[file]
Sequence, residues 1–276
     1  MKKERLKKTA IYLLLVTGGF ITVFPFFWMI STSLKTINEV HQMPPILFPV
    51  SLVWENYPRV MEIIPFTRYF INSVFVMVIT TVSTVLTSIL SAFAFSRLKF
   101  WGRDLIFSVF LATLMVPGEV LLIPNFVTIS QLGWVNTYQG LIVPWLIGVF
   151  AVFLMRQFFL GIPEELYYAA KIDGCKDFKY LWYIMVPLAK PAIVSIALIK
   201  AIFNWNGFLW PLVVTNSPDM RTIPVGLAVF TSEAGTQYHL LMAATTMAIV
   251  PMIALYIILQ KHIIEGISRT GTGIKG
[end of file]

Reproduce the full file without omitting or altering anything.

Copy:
Sequence, residues 1–276
     1  MKKERLKKTA IYLLLVTGGF ITVFPFFWMI STSLKTINEV HQMPPILFPV
    51  SLVWENYPRV MEIIPFTRYF INSVFVMVIT TVSTVLTSIL SAFAFSRLKF
   101  WGRDLIFSVF LATLMVPGEV LLIPNFVTIS QLGWVNTYQG LIVPWLIGVF
   151  AVFLMRQFFL GIPEELYYAA KIDGCKDFKY LWYIMVPLAK PAIVSIALIK
   201  AIFNWNGFLW PLVVTNSPDM RTIPVGLAVF TSEAGTQYHL LMAATTMAIV
   251  PMIALYIILQ KHIIEGISRT GTGIKG